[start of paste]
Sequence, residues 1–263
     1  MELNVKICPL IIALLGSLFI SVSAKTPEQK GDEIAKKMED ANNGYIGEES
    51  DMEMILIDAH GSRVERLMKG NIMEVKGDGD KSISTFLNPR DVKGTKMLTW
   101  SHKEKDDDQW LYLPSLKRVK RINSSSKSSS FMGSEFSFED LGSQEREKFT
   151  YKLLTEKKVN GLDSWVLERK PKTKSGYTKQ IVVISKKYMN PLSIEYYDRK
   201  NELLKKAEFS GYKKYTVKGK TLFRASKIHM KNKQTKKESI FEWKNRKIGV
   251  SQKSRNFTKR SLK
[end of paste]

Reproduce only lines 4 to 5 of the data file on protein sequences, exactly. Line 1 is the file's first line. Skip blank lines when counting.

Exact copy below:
   101  SHKEKDDDQW LYLPSLKRVK RINSSSKSSS FMGSEFSFED LGSQEREKFT
   151  YKLLTEKKVN GLDSWVLERK PKTKSGYTKQ IVVISKKYMN PLSIEYYDRK